What will Iraq’s future resemble – and under which United States president? Volker Perthes outlines four possible, contrasting outcomes by 2012, and invites response as to the most likely. – in Open Democracy
The United States is in the middle of an intense series of discussions, hearings and reports about the future of its military forces in Iraq. Each assessment of the current predicament carries some implication for possible ways forward. But the unfolding pattern of events in Iraq is not a matter for the US alone: whatever happens in that country will profoundly affect the lives of Iraqis themselves and people and states in the neighbouring region.
What then will happen in Iraq over the next five years? This article presents and outlines four scenarios.
Scenarios are thought-experiments of possible, contrasting futures. They are not about probabilities. Different scenarios may be more or less likely, but in principle each presents policy-makers with the same degree of challenge: thinking about how to prepare for them or how to prevent what would be regarded as the less favoured ones.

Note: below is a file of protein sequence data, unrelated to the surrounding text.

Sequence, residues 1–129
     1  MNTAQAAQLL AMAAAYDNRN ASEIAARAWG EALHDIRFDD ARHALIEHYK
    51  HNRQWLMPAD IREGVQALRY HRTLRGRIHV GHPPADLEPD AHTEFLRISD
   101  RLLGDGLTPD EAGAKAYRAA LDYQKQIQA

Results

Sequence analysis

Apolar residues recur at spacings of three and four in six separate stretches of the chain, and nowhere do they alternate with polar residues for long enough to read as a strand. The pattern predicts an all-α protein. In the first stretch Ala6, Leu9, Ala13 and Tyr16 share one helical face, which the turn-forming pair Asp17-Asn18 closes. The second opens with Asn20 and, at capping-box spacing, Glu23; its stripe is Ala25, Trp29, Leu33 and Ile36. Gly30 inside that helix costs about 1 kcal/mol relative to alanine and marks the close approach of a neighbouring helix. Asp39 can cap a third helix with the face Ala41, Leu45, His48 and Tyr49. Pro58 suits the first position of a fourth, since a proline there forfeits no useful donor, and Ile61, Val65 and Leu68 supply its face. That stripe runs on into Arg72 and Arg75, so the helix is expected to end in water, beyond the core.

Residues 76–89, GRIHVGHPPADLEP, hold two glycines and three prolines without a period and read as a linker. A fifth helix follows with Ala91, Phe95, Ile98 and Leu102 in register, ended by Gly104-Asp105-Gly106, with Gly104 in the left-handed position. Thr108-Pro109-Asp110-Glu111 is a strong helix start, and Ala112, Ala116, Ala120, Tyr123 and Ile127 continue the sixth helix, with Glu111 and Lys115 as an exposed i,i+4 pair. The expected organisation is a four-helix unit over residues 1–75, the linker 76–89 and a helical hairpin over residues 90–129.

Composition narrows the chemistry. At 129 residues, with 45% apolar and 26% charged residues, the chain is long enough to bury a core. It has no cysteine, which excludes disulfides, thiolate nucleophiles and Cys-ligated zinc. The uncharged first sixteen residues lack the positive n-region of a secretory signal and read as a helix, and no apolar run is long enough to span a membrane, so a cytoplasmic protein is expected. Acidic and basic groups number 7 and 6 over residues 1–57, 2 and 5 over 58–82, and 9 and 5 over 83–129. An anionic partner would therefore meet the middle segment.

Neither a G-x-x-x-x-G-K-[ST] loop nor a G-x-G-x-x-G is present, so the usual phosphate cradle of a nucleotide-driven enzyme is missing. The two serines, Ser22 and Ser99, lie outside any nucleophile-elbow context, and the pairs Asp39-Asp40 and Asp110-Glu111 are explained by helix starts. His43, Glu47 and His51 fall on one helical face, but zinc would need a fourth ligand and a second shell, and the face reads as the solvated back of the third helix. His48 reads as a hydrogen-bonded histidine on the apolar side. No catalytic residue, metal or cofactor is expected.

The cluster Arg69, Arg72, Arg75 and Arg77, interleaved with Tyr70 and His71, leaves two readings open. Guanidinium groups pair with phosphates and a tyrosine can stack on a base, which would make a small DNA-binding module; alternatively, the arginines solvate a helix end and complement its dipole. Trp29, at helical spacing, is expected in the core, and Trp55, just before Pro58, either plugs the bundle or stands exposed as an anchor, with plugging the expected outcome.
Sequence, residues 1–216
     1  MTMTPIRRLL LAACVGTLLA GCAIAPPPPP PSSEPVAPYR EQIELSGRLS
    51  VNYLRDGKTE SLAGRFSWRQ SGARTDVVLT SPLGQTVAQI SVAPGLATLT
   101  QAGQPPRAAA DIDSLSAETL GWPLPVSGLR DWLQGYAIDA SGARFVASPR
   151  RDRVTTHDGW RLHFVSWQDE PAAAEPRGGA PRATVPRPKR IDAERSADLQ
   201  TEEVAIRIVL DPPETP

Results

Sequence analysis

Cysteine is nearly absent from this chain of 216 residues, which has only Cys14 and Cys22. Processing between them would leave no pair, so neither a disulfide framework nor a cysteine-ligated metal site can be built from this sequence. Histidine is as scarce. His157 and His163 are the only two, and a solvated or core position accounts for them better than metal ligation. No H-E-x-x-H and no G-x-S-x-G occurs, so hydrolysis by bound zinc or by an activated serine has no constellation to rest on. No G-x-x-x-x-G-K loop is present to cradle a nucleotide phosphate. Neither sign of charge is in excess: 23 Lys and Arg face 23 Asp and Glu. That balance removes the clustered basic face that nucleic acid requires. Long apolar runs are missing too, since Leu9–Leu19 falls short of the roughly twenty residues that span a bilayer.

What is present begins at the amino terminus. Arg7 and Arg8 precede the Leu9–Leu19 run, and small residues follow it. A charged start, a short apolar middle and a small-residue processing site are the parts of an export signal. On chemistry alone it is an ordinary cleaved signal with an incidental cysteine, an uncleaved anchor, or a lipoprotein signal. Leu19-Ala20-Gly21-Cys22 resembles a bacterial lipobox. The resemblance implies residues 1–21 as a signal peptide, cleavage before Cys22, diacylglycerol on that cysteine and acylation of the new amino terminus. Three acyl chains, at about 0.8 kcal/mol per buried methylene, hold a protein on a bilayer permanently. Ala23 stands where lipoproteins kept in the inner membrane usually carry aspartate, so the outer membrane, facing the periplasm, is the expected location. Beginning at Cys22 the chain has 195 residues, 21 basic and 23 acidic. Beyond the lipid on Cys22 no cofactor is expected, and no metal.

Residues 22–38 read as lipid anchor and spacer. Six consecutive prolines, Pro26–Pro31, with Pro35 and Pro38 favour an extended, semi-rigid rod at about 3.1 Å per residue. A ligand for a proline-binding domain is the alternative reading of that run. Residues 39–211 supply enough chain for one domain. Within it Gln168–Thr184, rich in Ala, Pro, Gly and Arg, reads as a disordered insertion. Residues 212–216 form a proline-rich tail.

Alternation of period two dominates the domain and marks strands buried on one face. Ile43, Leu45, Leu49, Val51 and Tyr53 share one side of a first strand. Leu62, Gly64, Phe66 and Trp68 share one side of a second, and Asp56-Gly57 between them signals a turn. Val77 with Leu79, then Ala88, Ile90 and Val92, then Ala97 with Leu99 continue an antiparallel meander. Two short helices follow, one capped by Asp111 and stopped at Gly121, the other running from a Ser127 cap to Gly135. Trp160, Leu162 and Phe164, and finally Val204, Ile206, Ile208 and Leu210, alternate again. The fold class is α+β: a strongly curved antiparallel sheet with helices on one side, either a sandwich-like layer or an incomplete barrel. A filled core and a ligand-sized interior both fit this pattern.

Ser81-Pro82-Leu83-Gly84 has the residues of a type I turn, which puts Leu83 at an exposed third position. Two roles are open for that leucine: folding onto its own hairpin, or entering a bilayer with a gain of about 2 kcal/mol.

A simple scenario exercise identifies two main drivers of future development in a specific setting. In the case of Iraq, we can consider one external factor (the presence of United States troops) and an internal one (the ability of Iraqi political actors to achieve consensus on the most important constitutional distributional questions) as the most relevant drivers. Together they form a matrix with a horizontal axis that reaches from a total withdrawal of US forces to their remaining in place; and a vertical axis for the range of possibilities between no consensus among Iraqi actors at the bottom to consensus about the most important questions at the top.